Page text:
Truth or Consequences: Whose History Do We Tell? presented by Elise Guyette: This is a discussion of the importance of seeing ourselves in history. She will discuss how the absence of seeing her people in history books affected her as a youngster and later prompted her to research those usually left out of written narratives. She will seek to have others share their experiences. Depending on the interests of the group, participants could also discuss how to impact the history curricula of their school districts.

Dr. Elise Guyette is the author of Vermont: A Cultural Patchwork and Discovering Black Vermont: African American Farmers in Hinesburgh, 1790-1890, in addition to many articles and curricula about the history of various ethnic groups in Vermont.

Step UP: Think.Care. Act-Bystander Intervention Training- This 2 hour training is a pro-social behavior and bystander intervention program that helps people be proactive in helping others. The training takes you through the 5 decision making process to intervening. The goals of the program are to: Raise awareness of helping behaviors, increase motivation to help, develop skills and confidence when responding to problems or concerns, and ensure the safety and well-being of self and others.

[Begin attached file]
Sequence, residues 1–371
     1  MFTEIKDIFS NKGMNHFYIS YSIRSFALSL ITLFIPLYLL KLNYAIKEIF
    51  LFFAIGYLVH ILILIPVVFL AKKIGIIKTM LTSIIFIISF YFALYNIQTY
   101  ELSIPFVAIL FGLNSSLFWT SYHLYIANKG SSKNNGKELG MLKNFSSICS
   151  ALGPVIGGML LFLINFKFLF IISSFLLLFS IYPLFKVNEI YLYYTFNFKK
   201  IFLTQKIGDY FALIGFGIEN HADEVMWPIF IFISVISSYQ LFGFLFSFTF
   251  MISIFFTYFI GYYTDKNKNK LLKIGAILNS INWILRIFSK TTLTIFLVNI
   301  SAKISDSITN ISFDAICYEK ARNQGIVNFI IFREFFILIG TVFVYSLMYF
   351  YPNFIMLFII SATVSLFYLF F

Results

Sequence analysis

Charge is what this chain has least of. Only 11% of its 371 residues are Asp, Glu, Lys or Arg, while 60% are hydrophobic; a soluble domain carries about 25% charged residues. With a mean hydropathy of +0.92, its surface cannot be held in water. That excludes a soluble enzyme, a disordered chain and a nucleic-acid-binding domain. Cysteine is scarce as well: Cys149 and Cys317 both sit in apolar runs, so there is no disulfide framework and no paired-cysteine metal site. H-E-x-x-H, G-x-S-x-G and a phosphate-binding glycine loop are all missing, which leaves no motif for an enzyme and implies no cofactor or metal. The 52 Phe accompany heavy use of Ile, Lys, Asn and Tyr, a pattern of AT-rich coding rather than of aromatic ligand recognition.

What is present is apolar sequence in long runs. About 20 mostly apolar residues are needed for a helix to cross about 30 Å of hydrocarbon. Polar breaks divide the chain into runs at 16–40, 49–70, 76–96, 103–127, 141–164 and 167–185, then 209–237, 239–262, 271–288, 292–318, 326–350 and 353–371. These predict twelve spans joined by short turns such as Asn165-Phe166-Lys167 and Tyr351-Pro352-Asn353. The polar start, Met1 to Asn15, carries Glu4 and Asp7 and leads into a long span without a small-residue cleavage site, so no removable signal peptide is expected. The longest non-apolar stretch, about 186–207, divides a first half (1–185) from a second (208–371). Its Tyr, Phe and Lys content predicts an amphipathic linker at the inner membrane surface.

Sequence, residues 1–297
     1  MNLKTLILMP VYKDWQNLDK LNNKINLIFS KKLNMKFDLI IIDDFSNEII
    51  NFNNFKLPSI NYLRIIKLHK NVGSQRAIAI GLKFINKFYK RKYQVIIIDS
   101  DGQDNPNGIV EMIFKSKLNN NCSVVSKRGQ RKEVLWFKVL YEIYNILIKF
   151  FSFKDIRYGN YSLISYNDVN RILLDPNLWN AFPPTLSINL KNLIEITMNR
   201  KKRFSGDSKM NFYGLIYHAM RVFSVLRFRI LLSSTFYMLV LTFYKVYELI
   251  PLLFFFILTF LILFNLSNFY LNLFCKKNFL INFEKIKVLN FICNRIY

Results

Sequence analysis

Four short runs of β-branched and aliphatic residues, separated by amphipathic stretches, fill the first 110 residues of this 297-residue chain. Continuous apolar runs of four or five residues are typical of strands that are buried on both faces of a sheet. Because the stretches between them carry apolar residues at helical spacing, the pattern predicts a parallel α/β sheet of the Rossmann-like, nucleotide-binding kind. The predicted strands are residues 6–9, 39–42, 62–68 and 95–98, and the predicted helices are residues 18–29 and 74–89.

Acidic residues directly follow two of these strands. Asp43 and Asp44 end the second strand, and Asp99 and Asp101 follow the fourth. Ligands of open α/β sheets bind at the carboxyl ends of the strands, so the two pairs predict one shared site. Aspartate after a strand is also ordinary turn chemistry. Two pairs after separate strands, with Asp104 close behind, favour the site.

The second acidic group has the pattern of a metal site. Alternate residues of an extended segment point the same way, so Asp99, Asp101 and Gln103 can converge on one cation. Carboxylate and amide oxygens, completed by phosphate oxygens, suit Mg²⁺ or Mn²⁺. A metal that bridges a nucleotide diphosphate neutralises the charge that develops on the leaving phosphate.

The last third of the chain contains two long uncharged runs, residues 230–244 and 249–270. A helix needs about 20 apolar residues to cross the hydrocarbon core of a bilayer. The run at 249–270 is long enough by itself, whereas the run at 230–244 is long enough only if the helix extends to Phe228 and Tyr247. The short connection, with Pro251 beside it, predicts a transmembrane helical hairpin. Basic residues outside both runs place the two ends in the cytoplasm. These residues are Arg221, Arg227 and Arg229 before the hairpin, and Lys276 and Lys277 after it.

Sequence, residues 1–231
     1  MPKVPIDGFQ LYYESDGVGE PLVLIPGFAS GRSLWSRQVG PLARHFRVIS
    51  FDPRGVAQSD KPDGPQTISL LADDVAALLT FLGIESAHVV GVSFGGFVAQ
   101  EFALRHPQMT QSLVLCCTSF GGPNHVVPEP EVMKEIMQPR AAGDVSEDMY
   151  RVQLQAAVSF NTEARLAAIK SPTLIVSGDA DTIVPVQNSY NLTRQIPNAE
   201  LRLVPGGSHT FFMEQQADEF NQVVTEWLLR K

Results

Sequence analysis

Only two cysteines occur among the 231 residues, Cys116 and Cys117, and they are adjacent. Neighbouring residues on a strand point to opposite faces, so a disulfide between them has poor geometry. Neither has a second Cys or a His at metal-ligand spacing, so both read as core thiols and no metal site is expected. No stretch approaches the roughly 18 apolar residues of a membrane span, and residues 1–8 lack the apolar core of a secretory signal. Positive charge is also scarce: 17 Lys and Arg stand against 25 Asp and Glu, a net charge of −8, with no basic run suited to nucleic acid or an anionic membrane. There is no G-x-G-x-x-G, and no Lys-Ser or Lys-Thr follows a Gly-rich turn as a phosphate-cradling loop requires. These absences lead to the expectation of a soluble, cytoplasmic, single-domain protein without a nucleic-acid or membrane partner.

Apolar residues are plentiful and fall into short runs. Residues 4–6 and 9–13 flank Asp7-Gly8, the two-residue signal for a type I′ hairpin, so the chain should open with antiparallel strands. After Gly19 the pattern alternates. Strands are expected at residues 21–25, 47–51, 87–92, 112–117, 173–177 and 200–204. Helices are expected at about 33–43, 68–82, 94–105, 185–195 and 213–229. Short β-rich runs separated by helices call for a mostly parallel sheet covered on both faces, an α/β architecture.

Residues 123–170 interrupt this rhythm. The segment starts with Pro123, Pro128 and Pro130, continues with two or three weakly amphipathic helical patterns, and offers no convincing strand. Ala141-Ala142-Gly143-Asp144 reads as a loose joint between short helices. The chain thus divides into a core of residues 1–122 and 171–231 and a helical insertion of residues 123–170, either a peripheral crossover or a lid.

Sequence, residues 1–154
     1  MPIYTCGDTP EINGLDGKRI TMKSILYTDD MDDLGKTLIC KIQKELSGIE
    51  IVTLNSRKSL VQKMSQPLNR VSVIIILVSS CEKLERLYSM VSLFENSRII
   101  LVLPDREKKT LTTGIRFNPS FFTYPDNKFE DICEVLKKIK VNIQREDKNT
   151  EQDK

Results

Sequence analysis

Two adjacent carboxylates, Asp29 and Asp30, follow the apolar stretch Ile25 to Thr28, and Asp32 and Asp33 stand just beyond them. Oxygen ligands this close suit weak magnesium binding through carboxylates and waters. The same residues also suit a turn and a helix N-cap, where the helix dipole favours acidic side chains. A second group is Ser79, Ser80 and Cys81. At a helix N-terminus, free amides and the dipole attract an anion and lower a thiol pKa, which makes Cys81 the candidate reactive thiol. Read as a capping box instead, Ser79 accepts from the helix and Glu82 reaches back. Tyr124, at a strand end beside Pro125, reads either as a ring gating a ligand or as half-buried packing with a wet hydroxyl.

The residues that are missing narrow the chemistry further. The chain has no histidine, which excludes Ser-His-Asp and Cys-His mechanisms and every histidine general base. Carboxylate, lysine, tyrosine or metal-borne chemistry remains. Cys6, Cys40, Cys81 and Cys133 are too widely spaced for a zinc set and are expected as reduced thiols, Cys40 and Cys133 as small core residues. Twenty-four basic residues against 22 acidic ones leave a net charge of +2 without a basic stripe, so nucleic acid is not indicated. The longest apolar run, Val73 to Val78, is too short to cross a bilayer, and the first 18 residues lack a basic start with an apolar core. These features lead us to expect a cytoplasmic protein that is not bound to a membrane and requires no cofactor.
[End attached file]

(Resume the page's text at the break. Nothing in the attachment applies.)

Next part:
Implicit Bias presented by Vermont Human Rights Commission-The mission of the Vermont Human Rights Commission is to promote full civil and human rights in Vermont. The Commission protects people from unlawful discrimination in housing, state government employment, and public accommodations. A place of public accommodation is any establishment, such as a school, restaurant, office, or store that offers facilities, goods or services to the general public. 

UVM Mindfulness-This workshop is geared towards white people although people of color are welcome to join as well. We will explore mindfulness practices and relational practices designed to increase our capacity to show up authentically with one another, and to work with feelings of white guilt, shame, grief, rage, numbness, despair, etc, in a way that allows us to engage more effectively in anti-oppression work and solidarity. Part of the purpose of this workshop is to work with these challenging feelings and be witnessed by other white people so that we are not putting the burden on people of color to address issues of racism and oppression or to help us feel better about internalized white supremacy. We will also practice techniques that deepen compassion, well-being, and resilience (aka addressing white fragility) As facilitators we will do our best to: present practices that we have experienced to have a powerful impact, to maintain a container of bravery and respect, and to share our own vulnerability as white people who are committed to love and justice and grappling with an internal world of difficult emotions connected to the issues of racism, oppression, hate, fear, and injustice.

Tabling groups/organizations

If you have questions or need additional information please contact: Kina Thorpe at (802) 863-2345 x6 or email program@pjcvt.org.

Symposium Sponsors

Thank you to the following sponsors:

Also sponsored by the Office of the Vice President for Human Resources, Diversity and Multicultural Affairs at UVM